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  • Photo credit: NIH via Flickr, CC by 2.0
    By Alexandra Ossola
    Thanks to the cocktail of drugs that make up antiretroviral therapy, HIV is no longer a death sentence. But there are downsides to antiretroviral […]

    • One other disadvantage of antiretrovirals. If the patient is not careful about taking every dose, the viral load can creep up and they can transmit it to others.

    • Looks like a really positive breakthrough. But it’s still got a long way to go, to get it to the people who need it.

    • Does it have to take out the entire HIV genome, or does it just take out a chunk, that means the virus is effective dead, but still leaving some junk HIV DNA remnants in the subject.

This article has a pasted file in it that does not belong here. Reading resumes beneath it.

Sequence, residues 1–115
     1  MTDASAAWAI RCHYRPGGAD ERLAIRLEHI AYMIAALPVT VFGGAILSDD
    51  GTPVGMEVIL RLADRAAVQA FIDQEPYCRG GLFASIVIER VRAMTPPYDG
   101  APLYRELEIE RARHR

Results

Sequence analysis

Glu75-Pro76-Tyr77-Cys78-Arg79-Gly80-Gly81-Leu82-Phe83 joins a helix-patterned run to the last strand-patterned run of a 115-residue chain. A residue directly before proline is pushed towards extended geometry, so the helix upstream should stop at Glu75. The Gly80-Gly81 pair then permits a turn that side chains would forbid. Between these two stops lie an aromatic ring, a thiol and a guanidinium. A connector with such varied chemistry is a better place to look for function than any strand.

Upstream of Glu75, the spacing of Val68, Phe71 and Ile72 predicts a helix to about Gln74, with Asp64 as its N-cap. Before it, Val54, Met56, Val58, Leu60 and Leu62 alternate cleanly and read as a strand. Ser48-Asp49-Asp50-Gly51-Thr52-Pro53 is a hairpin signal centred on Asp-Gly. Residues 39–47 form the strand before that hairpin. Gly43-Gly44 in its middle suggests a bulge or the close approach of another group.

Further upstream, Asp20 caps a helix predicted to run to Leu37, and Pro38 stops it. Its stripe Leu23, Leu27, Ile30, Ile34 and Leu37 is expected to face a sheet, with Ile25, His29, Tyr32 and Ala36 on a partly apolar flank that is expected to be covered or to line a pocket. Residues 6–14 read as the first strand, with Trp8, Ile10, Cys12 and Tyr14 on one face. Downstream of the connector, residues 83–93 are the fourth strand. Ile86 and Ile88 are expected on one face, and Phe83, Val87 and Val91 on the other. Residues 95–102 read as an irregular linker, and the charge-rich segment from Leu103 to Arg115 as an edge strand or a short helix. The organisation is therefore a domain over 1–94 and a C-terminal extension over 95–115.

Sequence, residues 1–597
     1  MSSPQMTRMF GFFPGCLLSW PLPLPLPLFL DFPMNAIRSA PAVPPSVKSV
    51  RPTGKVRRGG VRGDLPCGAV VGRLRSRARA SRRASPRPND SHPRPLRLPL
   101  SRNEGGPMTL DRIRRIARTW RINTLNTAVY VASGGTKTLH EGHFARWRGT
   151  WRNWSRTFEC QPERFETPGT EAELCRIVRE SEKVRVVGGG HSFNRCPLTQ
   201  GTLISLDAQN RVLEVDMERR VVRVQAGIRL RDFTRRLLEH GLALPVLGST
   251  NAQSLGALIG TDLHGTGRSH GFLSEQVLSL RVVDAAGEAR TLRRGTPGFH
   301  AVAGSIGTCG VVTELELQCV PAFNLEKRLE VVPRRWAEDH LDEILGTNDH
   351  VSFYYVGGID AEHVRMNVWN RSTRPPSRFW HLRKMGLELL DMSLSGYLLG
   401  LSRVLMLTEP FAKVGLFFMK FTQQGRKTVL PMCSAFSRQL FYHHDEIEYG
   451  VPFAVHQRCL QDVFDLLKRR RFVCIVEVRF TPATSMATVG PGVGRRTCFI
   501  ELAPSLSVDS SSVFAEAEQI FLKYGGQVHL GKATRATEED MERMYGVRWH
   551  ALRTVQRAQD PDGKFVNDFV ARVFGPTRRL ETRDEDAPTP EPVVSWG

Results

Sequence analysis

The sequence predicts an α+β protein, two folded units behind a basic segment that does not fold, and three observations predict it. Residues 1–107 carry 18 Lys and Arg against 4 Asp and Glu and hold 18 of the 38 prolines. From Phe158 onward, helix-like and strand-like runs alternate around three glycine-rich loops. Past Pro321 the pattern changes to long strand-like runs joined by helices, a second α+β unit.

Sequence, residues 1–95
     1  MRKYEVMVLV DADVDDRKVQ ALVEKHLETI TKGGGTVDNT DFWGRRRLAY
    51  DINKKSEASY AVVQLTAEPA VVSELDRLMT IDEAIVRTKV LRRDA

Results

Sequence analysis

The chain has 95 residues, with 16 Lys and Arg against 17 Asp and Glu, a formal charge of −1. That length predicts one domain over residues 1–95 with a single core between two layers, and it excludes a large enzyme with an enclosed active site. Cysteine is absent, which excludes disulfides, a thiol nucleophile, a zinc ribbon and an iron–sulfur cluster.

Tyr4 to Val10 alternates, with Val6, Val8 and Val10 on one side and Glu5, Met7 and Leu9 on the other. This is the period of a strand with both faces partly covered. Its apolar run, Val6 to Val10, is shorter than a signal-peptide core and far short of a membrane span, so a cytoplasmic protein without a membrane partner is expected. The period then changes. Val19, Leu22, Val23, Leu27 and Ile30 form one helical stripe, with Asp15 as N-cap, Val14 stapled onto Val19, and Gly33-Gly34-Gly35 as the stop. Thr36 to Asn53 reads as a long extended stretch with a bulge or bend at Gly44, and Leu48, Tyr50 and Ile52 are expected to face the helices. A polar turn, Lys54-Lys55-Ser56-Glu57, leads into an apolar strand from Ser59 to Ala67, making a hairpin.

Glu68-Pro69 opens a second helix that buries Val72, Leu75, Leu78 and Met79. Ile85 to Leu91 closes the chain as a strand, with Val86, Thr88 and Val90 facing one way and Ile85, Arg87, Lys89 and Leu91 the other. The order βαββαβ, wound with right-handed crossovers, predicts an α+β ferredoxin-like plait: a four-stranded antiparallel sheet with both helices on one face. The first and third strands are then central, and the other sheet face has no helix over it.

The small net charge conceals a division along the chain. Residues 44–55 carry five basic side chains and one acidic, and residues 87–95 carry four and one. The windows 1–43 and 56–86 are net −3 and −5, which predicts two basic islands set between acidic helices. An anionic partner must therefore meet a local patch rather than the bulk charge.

• @david-r-allen

      Not sure if I have this right but as I understand it, a retrovirus like HIV puts code into its host’s DNA which acts as a sort of template for creating new viruses even if the infection has been cleared out. So this technique would edit the genome of the host to take out the but of code inserted rather than attacking the virus itself.

      Need a scientist to come and put me straight though

    • The idea of restriction endonucleases and their use has been around for decades. It would seem that finding the right one has proved elusive but it seems moderately likely that the molecular biology crew have constructed or repurposed the correct one at last. Great work.